This is without a doubt the bloodiest comic you’ll ever read. If you’ve seen Punisher: War Zone or Midnight Meat Train recently, this will be right up your alley. It’s received a fair amount of press due to it’s blood soaked pages. However, if that’s all this series had to offer it wouldn’t be worth reading.
You can read Berserker #0 for free on Top Cow’s website to give you an idea of what it’s all about,, but here’s the lowdown: Farris Jorn and Aaron Bural are two wild and crazy guys – literally. Jorn ripped the head of his fellow Marine while in Afghanistan, and upon returning home killed his boss. Bural didn’t fare any better, and tore his beloved girlfriend apart with his own hands.
Apart from their superior strength, and frequent need to wash their clothes, the pair have no clue as to why they’re doing this. This second issue is set right after the events of the first. After freaking out his lover Eva at their workplace, Jorn is knocked unconscious. When he wakes up he sees Clint, the buddy he killed back in Afghanistan. Agent Rowena from Midgard is chasing Jorn in order to recruit him into her mysterious organisation, before their competition Asgard does. Meanwhile Asgard is head hunting Bural, who in turn is receiving his own visions of the dead, namely his girlfriend Courtney.
Bural then gets interrogated before snapping and Jorn does the same after being approached by Rowena. That’s when things get real messy. Or messier.
We don’t know much more than when we did from the last issue, save from the fact that the people chasing down the two berserkers are, “well-funded, private mercs.” The Norse mythology aspect of the story has yet to unravel, and right now the series has as many questions as spilled intestines in its pages. However writer Rick Loverd has obviously crafted something big, and is just choosing to leak out small details every now and then. Hopefully this strategy keep us as curious as the two main characters to know exactly what’s happening to them and why. The men on the run angle of this issue works and the desperation of the pair (though they never meet) is apparent.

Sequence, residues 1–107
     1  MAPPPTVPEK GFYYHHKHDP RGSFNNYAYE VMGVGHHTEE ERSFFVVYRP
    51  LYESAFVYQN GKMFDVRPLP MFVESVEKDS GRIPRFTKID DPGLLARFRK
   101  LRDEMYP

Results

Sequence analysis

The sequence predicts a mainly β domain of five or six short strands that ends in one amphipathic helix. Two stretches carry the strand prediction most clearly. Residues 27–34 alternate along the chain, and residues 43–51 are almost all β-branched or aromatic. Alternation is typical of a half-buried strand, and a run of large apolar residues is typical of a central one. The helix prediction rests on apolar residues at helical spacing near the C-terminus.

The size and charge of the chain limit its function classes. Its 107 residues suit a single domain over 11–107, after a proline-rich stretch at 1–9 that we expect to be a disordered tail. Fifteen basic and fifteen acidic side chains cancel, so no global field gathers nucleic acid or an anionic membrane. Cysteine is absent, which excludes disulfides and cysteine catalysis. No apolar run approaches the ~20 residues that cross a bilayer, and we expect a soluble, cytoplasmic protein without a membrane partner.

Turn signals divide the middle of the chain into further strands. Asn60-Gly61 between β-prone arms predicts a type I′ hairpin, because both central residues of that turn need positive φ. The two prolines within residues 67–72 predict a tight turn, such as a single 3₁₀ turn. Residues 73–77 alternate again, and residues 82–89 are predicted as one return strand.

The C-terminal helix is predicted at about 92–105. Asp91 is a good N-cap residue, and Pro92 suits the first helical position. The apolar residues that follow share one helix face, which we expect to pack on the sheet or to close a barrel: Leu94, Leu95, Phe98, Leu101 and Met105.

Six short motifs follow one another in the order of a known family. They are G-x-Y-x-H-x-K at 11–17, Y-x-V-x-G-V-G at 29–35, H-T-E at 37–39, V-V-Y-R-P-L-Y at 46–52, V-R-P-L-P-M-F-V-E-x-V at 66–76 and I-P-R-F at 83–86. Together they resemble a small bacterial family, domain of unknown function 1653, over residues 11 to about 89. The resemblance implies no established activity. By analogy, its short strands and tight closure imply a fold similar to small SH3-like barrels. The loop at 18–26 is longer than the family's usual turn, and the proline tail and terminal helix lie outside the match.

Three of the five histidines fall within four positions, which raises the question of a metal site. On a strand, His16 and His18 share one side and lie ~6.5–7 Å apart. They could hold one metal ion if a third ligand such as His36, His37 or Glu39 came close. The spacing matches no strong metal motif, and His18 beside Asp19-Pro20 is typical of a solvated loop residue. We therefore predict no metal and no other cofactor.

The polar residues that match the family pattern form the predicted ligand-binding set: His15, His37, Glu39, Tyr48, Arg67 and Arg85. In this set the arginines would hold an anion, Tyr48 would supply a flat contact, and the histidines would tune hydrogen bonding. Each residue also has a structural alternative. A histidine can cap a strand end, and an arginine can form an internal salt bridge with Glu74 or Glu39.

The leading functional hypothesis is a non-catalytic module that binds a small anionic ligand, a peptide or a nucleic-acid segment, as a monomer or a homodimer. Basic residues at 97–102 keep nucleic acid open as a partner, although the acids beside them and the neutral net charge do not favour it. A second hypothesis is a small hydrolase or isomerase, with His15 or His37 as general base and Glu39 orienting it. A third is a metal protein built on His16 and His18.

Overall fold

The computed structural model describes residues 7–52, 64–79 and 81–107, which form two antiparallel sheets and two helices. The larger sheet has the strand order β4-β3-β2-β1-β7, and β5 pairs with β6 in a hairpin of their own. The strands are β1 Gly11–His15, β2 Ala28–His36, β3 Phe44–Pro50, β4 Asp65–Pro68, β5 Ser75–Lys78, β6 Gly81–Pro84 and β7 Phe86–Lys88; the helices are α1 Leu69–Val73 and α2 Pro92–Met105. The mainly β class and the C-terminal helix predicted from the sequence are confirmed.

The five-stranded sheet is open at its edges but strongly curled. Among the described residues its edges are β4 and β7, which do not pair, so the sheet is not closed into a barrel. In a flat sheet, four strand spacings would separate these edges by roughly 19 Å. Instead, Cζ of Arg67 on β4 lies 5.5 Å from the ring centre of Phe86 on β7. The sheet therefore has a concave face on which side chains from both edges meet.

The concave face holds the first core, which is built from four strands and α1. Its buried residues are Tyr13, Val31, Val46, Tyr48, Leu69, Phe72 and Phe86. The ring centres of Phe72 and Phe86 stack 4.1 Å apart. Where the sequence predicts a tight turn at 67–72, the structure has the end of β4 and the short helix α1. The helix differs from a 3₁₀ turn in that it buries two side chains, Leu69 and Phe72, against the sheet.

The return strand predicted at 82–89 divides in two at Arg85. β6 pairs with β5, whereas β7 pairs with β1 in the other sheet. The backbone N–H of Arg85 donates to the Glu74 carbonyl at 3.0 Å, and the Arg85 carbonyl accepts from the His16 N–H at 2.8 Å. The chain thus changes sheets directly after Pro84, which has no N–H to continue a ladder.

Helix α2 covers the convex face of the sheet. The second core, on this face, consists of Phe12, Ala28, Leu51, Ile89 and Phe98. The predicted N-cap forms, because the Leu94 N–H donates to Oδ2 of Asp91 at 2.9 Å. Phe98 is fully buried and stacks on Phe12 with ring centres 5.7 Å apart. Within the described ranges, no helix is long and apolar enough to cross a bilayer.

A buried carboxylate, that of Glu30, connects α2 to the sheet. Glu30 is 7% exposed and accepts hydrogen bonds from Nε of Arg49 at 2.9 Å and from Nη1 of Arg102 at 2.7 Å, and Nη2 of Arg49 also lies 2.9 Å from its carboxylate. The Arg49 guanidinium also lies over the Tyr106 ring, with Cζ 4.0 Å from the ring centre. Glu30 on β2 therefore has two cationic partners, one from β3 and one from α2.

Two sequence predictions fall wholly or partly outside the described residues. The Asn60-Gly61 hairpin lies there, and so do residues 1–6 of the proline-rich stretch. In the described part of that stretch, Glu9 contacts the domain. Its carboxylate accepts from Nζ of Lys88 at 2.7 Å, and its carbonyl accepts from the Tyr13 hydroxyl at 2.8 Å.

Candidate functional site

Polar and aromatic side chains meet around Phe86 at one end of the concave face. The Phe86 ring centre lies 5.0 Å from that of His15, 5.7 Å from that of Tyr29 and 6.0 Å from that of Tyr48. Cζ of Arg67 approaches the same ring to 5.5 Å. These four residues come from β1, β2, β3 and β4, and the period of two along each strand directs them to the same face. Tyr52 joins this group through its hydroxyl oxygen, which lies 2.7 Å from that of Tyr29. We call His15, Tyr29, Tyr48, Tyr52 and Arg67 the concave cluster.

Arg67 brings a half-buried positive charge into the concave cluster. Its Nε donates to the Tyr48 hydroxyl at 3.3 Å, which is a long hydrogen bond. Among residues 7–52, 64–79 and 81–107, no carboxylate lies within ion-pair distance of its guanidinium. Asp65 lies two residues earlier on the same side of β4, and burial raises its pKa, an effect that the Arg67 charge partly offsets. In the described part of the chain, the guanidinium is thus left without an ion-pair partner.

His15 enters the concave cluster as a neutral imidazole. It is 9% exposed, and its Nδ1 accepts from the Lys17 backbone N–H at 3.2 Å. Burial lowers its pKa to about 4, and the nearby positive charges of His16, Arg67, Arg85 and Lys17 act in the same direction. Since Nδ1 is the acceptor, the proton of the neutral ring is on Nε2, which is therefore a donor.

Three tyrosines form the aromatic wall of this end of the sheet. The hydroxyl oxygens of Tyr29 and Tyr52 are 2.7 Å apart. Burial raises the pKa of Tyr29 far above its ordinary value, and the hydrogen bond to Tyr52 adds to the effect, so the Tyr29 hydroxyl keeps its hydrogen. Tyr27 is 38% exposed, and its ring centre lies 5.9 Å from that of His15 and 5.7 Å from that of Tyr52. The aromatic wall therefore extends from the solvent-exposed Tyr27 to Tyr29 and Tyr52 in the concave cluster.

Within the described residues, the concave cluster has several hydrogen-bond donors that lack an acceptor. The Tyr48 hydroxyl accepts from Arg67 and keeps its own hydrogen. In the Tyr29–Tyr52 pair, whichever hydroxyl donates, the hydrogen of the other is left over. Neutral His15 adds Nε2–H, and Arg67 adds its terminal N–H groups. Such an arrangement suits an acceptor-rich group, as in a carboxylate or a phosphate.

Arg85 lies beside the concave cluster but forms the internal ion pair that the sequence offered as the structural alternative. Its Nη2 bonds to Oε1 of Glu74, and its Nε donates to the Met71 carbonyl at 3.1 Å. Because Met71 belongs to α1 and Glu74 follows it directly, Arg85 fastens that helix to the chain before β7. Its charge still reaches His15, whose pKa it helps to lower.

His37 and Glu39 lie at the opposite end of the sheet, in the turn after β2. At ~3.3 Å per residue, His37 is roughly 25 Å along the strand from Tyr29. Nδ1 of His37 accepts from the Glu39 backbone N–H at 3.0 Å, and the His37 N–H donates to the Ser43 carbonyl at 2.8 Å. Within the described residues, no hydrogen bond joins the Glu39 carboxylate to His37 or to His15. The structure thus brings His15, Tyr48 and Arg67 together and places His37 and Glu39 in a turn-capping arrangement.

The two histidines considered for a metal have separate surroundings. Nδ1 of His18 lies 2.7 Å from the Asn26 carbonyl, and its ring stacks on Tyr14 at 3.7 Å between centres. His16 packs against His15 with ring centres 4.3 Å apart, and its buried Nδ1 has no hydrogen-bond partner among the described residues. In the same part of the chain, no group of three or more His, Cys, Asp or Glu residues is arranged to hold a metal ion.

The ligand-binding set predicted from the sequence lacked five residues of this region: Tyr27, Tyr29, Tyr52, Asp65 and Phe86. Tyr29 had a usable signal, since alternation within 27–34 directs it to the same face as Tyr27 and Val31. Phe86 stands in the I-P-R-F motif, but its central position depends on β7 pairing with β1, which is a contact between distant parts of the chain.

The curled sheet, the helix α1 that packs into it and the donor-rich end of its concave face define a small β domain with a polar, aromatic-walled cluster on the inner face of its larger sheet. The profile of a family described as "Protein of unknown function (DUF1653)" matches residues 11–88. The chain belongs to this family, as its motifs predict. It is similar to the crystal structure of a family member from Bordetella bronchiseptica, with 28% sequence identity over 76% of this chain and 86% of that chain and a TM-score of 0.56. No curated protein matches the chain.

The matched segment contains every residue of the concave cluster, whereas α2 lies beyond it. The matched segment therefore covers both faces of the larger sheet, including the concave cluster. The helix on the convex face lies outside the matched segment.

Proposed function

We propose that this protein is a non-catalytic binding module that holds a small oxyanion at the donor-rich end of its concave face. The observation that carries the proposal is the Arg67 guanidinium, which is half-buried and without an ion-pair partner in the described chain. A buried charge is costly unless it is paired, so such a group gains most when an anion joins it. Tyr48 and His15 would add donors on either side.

Jeremy Haun’s art is just what it needs to be – gory and raw. I imagine he’d need a shower after drawing each issue. Haun is also more than just a man who knows how to depict anatomy from every conceivable angle – inside or out. He also does a brilliant job with the emotional complexities of the characters, from rage to fear to confusion. Dave McCaig’s colours add the necessary pop at all times.
Make no mistake, this is a title for mature readers. At this point it is crying out for more depth. I don’t know how much longer this series can sustain such a bloodbath without building upon the story, but as I said, hints are starting to break through thanks to Loverd’s handy work. I just hope that Berserker becomes known for more than just its use of the colour red.
It’s difficult to choose somewhat restrained preview pages, devoid of blood and guts, so here you go.
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